By the same token, anarchism—which, I believe, represents in its authentic form a highly individualistic outlook that fosters a radically unfettered lifestyle, often as a substitute for mass action—is far better suited to articulate a Proudhonian single-family peasant and craft world than a modern urban and industrial environment. I myself once used this political label, but further thought has obliged me to conclude that, its often-refreshing aphorisms and insights notwithstanding, it is simply not a social theory. Its foremost theorists celebrate its seeming openness to eclecticism and the liberatory effects of “paradox” or even “contradiction,” to use Proudhonian hyperbole. Accordingly, and without prejudice to the earnestness of many anarchistic practices, a case can made that many of the ideas of social and economic reconstruction that in the past have been advanced in the name of “anarchy” were often drawn from Marxism (including my own concept of “post-scarcity,” which understandably infuriated many anarchists who read my essays on the subject). Regrettably, the use of socialistic terms has often prevented anarchists from telling us or even understanding clearly what they are: individualists whose concepts of autonomy originate in a strong commitment to personal liberty rather than to social freedom, or socialists committed to a structured, institutionalized, and responsible form of social organization. Anarchism’s idea of self-regulation (auto nomos) led to a radical celebration of Nietzsche’s all-absorbing will. Indeed the history of this “ideology” is peppered with idiosyncratic acts of defiance that verge on the eccentric, which not surprisingly have attracted many young people and aesthetes.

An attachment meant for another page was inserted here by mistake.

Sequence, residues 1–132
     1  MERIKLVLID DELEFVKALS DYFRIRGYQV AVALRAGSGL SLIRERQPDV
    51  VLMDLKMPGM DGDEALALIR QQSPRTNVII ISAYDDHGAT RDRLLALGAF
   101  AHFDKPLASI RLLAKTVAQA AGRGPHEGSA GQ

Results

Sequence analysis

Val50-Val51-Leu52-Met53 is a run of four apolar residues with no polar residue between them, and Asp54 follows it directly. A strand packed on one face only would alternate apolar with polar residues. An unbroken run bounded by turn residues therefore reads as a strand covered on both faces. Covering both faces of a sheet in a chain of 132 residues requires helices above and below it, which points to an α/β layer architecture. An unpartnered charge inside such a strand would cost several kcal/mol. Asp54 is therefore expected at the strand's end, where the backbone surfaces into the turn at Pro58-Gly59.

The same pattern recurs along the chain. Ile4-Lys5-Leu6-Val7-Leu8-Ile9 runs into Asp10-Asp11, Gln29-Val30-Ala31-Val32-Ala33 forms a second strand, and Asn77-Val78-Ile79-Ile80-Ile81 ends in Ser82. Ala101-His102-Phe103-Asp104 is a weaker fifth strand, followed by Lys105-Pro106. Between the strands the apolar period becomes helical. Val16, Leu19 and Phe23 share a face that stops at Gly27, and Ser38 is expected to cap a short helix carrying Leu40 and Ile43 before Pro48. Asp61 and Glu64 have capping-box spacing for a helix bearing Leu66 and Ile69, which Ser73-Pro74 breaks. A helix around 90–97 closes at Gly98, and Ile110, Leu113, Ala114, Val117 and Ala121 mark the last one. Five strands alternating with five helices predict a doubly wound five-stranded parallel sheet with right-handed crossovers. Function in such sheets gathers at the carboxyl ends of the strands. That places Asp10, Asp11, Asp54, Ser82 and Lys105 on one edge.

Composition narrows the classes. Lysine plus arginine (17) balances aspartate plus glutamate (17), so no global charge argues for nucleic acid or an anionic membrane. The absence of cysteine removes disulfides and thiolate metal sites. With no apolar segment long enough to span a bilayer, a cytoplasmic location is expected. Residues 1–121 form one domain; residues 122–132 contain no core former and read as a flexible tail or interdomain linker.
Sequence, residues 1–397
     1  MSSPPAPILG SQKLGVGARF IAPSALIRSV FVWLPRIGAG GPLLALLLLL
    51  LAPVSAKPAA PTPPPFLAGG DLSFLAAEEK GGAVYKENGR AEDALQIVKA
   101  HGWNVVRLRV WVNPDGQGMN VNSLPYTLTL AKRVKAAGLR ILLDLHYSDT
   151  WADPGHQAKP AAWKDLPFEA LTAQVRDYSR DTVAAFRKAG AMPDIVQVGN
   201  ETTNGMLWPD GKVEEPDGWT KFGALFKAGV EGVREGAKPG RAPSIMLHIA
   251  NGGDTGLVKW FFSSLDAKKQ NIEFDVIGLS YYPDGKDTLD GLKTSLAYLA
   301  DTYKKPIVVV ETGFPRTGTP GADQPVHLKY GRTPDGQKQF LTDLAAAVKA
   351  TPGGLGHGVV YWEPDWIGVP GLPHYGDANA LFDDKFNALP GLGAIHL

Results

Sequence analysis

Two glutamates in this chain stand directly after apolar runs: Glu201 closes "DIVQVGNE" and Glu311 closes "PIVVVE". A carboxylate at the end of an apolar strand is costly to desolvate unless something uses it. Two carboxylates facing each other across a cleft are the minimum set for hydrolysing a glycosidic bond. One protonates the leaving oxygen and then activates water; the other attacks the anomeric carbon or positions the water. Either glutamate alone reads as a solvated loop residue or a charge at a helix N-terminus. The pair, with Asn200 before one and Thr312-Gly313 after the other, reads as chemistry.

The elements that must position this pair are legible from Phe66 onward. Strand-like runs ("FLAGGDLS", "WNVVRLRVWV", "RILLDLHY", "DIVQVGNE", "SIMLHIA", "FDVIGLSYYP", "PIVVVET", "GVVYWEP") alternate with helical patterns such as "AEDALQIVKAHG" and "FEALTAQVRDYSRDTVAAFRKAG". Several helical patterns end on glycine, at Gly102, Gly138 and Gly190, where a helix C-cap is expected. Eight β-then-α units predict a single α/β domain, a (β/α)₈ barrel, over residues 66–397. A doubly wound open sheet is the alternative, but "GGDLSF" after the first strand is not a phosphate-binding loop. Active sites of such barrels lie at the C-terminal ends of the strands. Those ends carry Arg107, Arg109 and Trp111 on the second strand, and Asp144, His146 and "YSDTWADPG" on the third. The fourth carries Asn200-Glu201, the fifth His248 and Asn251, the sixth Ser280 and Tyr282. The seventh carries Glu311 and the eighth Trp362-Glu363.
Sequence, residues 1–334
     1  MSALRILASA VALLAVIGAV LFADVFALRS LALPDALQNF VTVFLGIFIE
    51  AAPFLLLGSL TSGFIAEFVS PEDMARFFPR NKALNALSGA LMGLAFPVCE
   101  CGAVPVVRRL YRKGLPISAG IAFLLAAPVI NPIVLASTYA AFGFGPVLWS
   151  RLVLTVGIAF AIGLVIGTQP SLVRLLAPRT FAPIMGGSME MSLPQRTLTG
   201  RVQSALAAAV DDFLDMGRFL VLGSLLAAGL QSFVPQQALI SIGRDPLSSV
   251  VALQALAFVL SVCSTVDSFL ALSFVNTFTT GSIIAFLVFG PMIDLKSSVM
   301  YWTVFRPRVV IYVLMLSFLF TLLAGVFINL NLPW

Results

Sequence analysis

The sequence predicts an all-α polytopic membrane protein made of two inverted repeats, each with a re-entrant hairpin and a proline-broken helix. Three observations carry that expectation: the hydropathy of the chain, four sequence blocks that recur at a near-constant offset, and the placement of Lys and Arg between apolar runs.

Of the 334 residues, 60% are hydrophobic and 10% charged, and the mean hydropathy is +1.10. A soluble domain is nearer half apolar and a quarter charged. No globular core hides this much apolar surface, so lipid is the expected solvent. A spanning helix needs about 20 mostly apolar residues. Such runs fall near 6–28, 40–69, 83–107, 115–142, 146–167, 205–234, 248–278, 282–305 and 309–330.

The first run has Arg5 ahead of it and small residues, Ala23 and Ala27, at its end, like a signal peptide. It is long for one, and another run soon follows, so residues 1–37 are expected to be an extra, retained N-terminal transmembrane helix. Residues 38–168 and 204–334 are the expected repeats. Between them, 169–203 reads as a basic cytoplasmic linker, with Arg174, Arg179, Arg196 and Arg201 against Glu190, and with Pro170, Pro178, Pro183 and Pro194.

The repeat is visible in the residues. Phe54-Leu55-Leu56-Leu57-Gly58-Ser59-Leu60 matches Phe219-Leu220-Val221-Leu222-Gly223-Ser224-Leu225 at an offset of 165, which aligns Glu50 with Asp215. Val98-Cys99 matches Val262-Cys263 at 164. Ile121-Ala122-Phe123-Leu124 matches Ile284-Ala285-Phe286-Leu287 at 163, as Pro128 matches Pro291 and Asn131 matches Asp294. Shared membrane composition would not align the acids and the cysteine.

In fact anarchism represents the most extreme formulation of liberalism’s ideology of unfettered autonomy, culminating in a celebration of heroic acts of defiance of the state. Anarchism’s mythos of self-regulation (auto nomos)—the radical assertion of the individual over or even against society and the personalistic absence of responsibility for the collective welfare—leads to a radical affirmation of the all-powerful will so central to Nietzsche’s ideological peregrinations. Some self-professed anarchists have even denounced mass social action as futile and alien to their private concerns and made a fetish of what the Spanish anarchists called grupismo, a small-group mode of action that is highly personal rather than social.
Anarchism has often been confused with revolutionary syndicalism, a highly structured and well-developed mass form of libertarian trade unionism that, unlike anarchism, was long committed to democratic procedures,5 to discipline in action, and to organized, long-range revolutionary practice to eliminate capitalism. Its affinity with anarchism stems from its strong libertarian bias, but bitter antagonisms between anarchists and syndicalists have a long history in nearly every country in Western Europe and North America, as witness the tensions between the Spanish CNT and the anarchist groups associated with Tierra y Libertad early in the twentieth century; between the revolutionary syndicalist and anarchist groups in Russia during the 1917 revolution; and between the IWW in the United States and Sweden, to cite the more illustrative cases in the history of the libertarian labor movement. More than one American anarchist was affronted by Joe Hill’s defiant maxim on the eve of his execution in Utah: “Don’t mourn—Organize!” Alas, small groups were not quite the “organizations” that Joe Hill, or the grossly misunderstood idol of the Spanish libertarian movement, Salvador Seguí, had in mind. It was largely the shared word libertarian that made it possible for somewhat confused anarchists to coexist in the same organization with revolutionary syndicalists. It was often verbal confusion rather than ideological clarity that made possible the coexistence in Spain of the FAI, as represented by the anarchist Federica Montseny, with the syndicalists, as represented by Juan Prieto, in the CNT-FAI, a truly confused organization if ever there was one.